ESSAY: With Astros ruling, MLB is prioritizing the game over everything else. Shouldn’t we, the fans, demand more?
HOUSTON – Major League Baseball and the Houston Astros have spoken -- former Houston Astros manager A.J. Hinch and general manager Jeff Luhnow now face some of the stiffest penalties ever doled out in professional sports. Much has already been written on the subject but comparing the equality of penalties is something that’s been bothering me since the suspensions and firings were announced.
Hinch and Luhnow will forever have their earning potential, reputations and careers impacted -- and in fact, stained -- as a result of their decisions to alter the game of baseball.
Similar penalties have been levied in cases like Cincinnati Reds manager Pete Rose who accepted a settlement in 1989 that included a lifetime ban from the game after betting on baseball. And then there are the Black Sox who faced a lifetime ban for betting on their own team in the World Series.
MLB, the teams, the owners and all the powers-that-be seem to say with each case that the game is sacred, but when it comes to penalties that address off-the-field non-baseball misdeeds, punishment is more flexible. Second chances abound in cases that have more of a human cost than something like sign stealing. And those in power seems to just be fine with that.
Domestic violence and sexism
Perhaps the most glaring examples are those who have addressed players and executives in recent cases of suspected domestic violence and overt sexism.
While pitching for the Blue Jays, Roberto Osuna was suspended for 75 games after allegations that he violated the MLB’s Joint Domestic Violence, Sexual Assault and Child Abuse policy. The entire issue was hushed up when he decided to decline appeal and do a treatment program.
At the time the punishment was sent out, Blue Jays manager John Gibbons said, "Let everything go through its course. You knew something was coming down. ... Hopefully that all gets worked out, both sides, and everybody gets the help they need and everything works out fine for all involved."
Paging Pollyanna. Paging Pollyanna.
But does it all work out? Really? Did it all work out for the victim? We have no way of really knowing because the alleged victim didn’t speak. I’m not pointing fingers at the alleged victim here -- never that. Who would want to face all of that scrutiny, particularly in the wake of something potentially traumatic? There was no resolution and details were scarce. We still don’t have any account of what happened -- just an assertion from MLB that some rule, in some way, was broken. When will someone with power over the sport say that’s not right, that’s not OK and it needs to stop through full transparency? Did #Metoo not happen where hot dogs and beer mingle with a diamond on a field?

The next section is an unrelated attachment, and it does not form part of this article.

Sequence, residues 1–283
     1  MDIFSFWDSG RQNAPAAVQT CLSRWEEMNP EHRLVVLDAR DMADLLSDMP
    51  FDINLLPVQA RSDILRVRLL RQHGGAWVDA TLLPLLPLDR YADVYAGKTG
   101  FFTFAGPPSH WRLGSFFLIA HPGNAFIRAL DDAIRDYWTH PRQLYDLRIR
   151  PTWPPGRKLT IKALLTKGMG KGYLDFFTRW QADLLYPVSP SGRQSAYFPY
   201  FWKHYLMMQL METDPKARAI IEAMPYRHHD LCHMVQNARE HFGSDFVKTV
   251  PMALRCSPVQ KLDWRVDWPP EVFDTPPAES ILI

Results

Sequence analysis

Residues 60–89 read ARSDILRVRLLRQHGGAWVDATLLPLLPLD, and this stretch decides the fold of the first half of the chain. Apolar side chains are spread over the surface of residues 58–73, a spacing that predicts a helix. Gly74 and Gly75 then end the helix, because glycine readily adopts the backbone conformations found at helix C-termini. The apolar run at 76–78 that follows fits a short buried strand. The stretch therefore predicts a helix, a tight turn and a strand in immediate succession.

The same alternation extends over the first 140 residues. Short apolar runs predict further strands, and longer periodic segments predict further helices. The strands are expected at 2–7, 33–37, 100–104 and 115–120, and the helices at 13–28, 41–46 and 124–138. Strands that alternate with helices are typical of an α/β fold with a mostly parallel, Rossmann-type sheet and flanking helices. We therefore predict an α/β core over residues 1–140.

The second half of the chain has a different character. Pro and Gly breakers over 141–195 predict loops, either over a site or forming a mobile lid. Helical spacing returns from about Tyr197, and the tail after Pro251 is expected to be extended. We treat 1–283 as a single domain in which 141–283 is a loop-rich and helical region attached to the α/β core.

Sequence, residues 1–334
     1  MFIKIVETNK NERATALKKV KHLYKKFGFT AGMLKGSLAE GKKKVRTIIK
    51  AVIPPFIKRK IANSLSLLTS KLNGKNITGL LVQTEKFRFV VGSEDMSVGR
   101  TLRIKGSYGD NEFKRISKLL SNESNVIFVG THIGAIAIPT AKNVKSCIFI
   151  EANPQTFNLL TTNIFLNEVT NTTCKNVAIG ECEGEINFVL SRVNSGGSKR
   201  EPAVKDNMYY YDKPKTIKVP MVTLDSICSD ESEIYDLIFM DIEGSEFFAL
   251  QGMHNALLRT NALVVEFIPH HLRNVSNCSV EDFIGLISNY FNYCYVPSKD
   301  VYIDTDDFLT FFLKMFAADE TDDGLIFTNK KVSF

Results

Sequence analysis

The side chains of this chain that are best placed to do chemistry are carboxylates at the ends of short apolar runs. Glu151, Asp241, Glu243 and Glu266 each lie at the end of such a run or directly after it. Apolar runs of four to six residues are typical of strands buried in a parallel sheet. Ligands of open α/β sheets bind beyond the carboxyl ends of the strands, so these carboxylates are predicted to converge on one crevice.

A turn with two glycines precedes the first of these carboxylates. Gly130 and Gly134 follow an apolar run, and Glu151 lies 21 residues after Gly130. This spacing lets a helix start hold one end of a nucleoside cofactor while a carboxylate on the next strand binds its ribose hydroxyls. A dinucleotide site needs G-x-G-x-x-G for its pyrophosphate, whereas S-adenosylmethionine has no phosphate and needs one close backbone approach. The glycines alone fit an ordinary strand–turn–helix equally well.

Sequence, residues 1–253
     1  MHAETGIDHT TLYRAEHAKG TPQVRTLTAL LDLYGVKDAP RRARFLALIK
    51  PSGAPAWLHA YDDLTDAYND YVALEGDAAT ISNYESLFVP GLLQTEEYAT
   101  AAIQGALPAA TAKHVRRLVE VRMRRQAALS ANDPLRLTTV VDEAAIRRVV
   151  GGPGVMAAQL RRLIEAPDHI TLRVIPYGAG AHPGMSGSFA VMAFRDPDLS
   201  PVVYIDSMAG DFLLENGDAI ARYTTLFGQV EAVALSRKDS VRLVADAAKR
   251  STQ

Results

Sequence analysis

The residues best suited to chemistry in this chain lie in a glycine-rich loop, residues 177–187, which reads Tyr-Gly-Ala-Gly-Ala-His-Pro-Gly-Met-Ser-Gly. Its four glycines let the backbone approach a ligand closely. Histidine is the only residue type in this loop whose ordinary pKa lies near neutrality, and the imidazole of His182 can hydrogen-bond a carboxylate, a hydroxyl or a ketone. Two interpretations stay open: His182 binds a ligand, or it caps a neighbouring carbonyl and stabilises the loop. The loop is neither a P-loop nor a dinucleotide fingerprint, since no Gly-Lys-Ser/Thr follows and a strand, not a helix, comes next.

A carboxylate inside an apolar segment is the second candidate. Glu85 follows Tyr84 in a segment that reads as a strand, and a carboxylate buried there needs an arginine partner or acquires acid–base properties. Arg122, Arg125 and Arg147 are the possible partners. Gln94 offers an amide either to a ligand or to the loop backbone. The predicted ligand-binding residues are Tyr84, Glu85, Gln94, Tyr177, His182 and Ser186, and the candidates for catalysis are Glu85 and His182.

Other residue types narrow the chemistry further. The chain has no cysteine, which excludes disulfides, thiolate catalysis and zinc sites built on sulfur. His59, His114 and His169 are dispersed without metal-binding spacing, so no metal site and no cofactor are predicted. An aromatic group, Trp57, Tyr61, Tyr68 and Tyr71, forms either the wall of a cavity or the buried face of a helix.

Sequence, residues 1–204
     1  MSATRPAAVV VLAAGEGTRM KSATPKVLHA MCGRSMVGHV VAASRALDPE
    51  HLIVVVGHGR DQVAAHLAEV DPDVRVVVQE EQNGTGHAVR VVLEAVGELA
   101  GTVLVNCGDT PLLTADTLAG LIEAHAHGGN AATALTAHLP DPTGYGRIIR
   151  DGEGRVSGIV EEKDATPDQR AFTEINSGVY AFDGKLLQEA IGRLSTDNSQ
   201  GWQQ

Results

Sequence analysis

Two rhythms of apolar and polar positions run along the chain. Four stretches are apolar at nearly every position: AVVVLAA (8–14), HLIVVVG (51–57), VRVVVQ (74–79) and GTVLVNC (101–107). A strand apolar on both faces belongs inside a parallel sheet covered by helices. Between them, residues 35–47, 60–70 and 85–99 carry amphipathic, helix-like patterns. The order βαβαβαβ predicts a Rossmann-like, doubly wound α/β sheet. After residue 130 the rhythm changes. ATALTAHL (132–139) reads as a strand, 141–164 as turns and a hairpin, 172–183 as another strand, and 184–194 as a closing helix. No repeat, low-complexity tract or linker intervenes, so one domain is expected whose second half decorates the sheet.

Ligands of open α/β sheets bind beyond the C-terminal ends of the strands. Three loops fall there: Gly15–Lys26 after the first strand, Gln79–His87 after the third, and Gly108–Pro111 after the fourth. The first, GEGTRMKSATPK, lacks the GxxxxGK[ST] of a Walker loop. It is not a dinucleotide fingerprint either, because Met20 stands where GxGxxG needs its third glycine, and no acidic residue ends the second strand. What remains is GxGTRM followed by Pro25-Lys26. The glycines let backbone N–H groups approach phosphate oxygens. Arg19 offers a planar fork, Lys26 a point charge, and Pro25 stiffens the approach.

Soon -- perhaps way too soon for many -- Osuna found his way to the mound again -- ripping balls across home plate for the Astros. There was celebration in the blinding amnesia of Astros supremacy again behind the plate.
A similar outcome came for Jose Torres of the San Diego Padres after he too violated MLB’s domestic abuse policy in 2018. He only got a 100-game suspension after he received an indictment that charged him with assault with a deadly weapon, criminal damage and intimidation stemming from an incident at a home he shared with a woman.
And what about Brandon Taubman, the former Astros assistant general manager who was fired during last year’s playoffs for an expletive-filled tirade aimed at female reporters? The fight had to be taken to the ball club before the Astros sluggishly moved into action. It was not until Monday that Taubman’s penalty was announced: though he will be ineligible to work for any Major League Baseball club through the day after the 2020 season ends, he can still come back and apply for reinstatement.
Drugs and performance enhancement
Penalties that address the athletes’ own bodies straddle the line between career-ending and a second chance.
Former Astros player Miguel Tejada was suspended 105 games without pay after testing positive for amphetamines in 2013. At the time it was called a potentially career-ending decision.
Alex Rodriguez was suspended for the entire 2014 season for performance-enhancing drug use. It was the largest penalty for that type of infraction.
Baseball is sacred
The message MLB and teams like the Astros are perpetuating is that fans want -- or at least will endure -- the bad boy on the field as long as he keeps it under control for most of the season. In the case of the Astros, it seems it doesn’t matter, really, if the players were complicit, as long as the two-headed snake’s head at the helm (Luhnow and Hinch) is severed because that’s enough. Keep the gladiators performing no matter what. They’re humans with an expiration date. The cost is not all that great -- at least for now. The important thing is to keep the Colosseum standing.
But I argue for a higher human standard. Keep the best people around, rip down the decay and build something better back up. The traditions of a great game are built on those who love it and honor it, from the fans in the stands to the players on the field and those manning the front office. Baseball at its best is when it’s alive with human fervor -- not some dusty ball in a case that’s only as good as the reputation of the person who signed it.
The game of baseball is sacred. That’s the enduring message from the MLB and the teams. But shouldn’t we, the fans, demand more? Penalties in cases involving drugs and domestic violence should be issued with the same severity that cases that chip away at the integrity of the game have been doled out. That’s really honoring the game -- for its present and for its enduring future.
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